Accounting Papers

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Journal Article

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Publication Source

Journal of Accounting Research





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This paper examines changes in firms’ dividend payouts following an exogenous shock to the information environment. Traditional signaling, agency, and voluntary disclosure models predict that the more is commonly known about a firm and its competitors in the marketplace, the less private information managers will have to reveal themselves via costly signals or cash disbursements. To test these predictions, we analyze the dividend payment behavior for a global sample of firms around the mandatory adoption of IFRS and around the initial enforcement of new insider trading laws. Both events have the potential to improve the general information environment in the economy. We find that following the two events firms are less likely to pay (or increase) cash dividends, but more likely to cut (or stop) such payments. The changes in dividend policy occur around the time of the informational shock and only in countries and for firms subject to the regulatory change. In further analyses we find that the information content of dividends, measured as three-day absolute announcement returns, is lower after the informational events. The findings underscore that firms’ payout policies, among other things, depend on the extent of information about all firms in the economy.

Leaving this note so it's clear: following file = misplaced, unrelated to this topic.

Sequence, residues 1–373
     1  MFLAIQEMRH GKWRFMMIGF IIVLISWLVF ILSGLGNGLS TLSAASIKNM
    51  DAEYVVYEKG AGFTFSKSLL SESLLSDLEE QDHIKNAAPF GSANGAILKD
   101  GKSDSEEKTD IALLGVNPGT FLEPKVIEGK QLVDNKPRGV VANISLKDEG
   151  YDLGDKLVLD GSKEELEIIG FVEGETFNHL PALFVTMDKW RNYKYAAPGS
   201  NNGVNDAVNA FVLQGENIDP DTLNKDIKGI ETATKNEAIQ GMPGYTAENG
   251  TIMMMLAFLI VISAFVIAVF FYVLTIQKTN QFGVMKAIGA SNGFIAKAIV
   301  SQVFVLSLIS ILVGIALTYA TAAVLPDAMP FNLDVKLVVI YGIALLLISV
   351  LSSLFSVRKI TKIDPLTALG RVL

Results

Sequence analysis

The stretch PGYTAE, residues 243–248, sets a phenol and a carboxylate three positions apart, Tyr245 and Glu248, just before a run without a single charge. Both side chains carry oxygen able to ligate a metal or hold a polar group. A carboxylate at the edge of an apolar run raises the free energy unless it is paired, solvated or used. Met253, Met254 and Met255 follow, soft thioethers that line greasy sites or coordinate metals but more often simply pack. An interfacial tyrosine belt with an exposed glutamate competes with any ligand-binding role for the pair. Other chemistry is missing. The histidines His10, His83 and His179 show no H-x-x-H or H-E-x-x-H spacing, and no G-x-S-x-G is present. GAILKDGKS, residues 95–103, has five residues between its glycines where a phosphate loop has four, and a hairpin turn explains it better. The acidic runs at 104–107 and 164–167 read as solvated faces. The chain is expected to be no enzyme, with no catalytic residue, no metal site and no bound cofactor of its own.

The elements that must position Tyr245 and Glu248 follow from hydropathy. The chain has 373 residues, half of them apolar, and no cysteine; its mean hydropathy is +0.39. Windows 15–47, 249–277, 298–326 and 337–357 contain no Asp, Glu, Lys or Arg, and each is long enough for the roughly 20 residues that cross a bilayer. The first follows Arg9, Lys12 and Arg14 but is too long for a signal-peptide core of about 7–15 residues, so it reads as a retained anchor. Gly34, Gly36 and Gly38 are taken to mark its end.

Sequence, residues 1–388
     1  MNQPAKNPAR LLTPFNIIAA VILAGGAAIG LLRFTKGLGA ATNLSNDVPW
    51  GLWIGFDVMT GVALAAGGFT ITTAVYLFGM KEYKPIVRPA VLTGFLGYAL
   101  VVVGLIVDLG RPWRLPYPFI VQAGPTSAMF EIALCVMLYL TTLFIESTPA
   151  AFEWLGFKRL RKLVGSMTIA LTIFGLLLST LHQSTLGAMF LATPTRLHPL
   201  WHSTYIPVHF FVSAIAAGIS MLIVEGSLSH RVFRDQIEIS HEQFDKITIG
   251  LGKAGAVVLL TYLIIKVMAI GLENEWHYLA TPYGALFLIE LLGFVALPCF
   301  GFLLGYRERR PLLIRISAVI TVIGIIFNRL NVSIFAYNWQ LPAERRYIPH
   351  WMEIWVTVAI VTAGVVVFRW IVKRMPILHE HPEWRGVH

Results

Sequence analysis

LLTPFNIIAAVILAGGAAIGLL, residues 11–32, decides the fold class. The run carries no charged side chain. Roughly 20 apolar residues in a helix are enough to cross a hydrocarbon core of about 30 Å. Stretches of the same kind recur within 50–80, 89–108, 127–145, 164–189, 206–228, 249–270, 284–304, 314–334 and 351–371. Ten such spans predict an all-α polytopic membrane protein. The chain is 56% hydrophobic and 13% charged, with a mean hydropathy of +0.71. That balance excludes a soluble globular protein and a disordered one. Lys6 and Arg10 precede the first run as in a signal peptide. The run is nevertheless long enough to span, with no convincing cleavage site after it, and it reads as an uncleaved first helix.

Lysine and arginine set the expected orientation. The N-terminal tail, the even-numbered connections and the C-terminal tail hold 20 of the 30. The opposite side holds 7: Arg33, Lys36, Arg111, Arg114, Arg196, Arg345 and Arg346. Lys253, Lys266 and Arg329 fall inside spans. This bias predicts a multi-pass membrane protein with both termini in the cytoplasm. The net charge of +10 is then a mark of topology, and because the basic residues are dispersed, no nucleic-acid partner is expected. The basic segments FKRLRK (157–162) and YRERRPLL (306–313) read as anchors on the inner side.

Copyright/Permission Statement

This is the peer reviewed version of the following article: HAIL, L., TAHOUN, A. and WANG, C. (2014), Dividend Payouts and Information Shocks. Journal of Accounting Research, 52: 403–456., which has been published in final form at http://dx.doi....75-679X.12040. This article may be used for non-commercial purposes in accordance with Wiley Terms and Conditions for Self-Archiving


dividend policy, payout policy, international accounting, information environment, IFRS, insider trading laws



Date Posted: 27 November 2017

This document has been peer reviewed.